WordPress Safety Tricks and Shortcuts
WordPress is everywhere. This is a great thing, and a not-so-great thing. The beauty of WordPress’s ubiquity is that we are able to come together and discuss very specific topics. I know from experience that security and safety are a VERY important part of running a blog or a website, so I’ve pursued this nook very very deeply.
Tons. Though I know your time is brief, I’ll try to arrange my blog and website security help in a way that actually drives the safety tips home, without endlessly reading.
1 Plugins and Updates
For plugins in general, keep the updated. In fact, see what you can do about enabling automatic updates for plugins. There are some server-side software products that can save you time and worry. There are also on site plugins (Such as Jetpack, though I am not a big fan of Jetpack), which will aid your auto updates.
There’s also core edits you can add to your WP-CONFIG file that will enable WordPress to update itself. Any WP-CONFIG core additions are a better approach, as their effects are certain, and aren’t just ‘another plugin’.
2 WordPress Security specific plugin
I recommend using Wordfence for securing your WordPress blog or website. It has oodles of options to tailor your level of security based on your paranoia or experience. Though they raised the price on the premium keys, which has deterred me from buying more.
Login Limiter – Though Wordfence can handle this, there’s other login limiters that can really deter the main avenue of attack against your site – Brute Force.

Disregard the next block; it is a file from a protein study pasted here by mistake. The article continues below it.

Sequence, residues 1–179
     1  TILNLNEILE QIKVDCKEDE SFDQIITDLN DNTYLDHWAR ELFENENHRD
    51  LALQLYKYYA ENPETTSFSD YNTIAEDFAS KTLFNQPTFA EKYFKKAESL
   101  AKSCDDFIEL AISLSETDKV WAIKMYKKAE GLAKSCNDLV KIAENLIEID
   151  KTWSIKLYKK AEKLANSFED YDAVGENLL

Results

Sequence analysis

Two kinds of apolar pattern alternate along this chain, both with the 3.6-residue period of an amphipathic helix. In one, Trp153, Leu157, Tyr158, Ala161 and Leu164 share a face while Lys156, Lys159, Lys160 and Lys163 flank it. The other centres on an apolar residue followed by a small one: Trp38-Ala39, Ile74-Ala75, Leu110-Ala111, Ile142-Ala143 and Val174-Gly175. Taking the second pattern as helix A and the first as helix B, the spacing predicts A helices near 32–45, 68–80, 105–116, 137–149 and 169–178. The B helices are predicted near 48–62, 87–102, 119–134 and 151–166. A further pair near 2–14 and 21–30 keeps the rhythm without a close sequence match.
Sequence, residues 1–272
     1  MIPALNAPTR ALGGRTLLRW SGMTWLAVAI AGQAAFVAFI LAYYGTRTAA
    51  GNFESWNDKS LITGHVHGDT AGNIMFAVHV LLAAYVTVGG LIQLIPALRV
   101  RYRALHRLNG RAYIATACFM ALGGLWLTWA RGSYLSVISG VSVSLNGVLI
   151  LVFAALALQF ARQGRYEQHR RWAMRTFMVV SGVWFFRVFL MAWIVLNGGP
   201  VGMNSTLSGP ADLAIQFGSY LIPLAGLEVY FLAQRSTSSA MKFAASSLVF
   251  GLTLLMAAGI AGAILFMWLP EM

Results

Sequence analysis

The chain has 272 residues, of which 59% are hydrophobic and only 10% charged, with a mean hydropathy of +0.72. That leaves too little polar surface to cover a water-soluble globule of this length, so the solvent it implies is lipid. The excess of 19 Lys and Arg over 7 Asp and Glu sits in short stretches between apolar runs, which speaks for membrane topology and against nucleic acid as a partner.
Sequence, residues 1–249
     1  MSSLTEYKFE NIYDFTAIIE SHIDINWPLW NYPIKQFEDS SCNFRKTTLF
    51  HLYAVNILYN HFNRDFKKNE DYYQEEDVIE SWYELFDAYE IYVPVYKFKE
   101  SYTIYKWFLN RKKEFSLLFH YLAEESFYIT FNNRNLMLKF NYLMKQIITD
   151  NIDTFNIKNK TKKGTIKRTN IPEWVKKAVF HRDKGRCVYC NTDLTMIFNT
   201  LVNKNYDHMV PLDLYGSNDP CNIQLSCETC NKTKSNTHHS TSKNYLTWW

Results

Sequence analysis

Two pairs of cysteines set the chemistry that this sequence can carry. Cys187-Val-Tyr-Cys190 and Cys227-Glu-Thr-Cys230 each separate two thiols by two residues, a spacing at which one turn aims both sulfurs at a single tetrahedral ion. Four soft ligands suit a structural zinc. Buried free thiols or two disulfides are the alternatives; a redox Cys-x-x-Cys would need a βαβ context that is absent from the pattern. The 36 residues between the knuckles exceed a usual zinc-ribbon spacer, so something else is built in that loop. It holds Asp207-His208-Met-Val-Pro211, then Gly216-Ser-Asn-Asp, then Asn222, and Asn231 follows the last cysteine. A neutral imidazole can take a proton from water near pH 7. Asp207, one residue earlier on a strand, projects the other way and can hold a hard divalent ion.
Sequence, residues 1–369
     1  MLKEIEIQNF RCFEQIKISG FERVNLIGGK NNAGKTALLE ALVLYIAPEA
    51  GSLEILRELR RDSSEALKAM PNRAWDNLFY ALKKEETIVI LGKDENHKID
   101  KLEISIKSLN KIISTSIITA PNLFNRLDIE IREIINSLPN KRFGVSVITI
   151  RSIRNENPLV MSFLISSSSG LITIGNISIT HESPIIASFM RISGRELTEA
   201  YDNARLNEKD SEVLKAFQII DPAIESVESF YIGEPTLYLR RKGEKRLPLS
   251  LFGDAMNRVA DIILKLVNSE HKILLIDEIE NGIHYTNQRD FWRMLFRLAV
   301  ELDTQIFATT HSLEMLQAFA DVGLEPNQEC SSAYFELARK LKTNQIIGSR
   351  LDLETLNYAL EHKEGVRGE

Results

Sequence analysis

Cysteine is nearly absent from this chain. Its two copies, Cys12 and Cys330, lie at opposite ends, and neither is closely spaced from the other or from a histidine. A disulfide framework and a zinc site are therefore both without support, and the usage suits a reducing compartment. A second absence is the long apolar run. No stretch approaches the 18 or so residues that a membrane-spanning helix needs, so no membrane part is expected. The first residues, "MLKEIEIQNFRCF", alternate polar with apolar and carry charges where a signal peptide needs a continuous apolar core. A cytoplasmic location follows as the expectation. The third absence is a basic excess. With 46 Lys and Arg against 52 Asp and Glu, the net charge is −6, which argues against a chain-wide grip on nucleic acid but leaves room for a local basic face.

Hide Login – Just do a WordPress plugin search for ‘hide login’ and you’ll see a couple of nice options that allow you to ‘move’ the login page -> Typically located at /wp-admin or /wp-login.php <- Again, this is a common avenue of attack, and therefore a weakness, as that will be where an attacker will target first.
Thereby, HIDING your login page, as well as LIMITING login attempts, as well as choosing a complex USERNAME and PASSWORD; You have already taken massive steps to limit the potential of your WordPress site becoming the victim of compromise or attack. I can rest easier now, can you :)
3 WordPress Admin habits
Dude, just make a more difficult password. Three words, add special characters, and periods. Periods are you password lifesaver, for real!
Username: Do not choose admin as your login name. Admin is probably the most widely used administrator name for WordPress users. Sure, it’s short and easy to remember – That also makes it one of the primary targets for attackers. Please come up with something more unique. As well, you should choose a nickname from your personal dashboard.
A WordPress user nickname hides your actual login name, allowing you to post blogs/posts without giving away your login name -> Very important, very huge.
4 WordPress Security Website
A rising force in WordPress safety help, is the WordPress experts at Canadian Web Creations which takes the goal of helping blog masters and webmasters stay safe very seriously. By making a focused community and resource log for all things WP/Security, they’ve helped carve out a specific corner where a vital interest to a big portion of the web can seek refuge and information.
They plan on having a community section with forums and social interaction, as well as a video section, and general knowledge-base.
The prospects for your blog or website just increased. Be sure to take note of the main tips that can eliminate the BIGGEST risks:
Eliminate WordPress Risks Now:
- Hide your login/dashboard access page
- Never choose ADMIN as username
- Use a Plugin to Limit login attempts
- Add periods or spaces to your password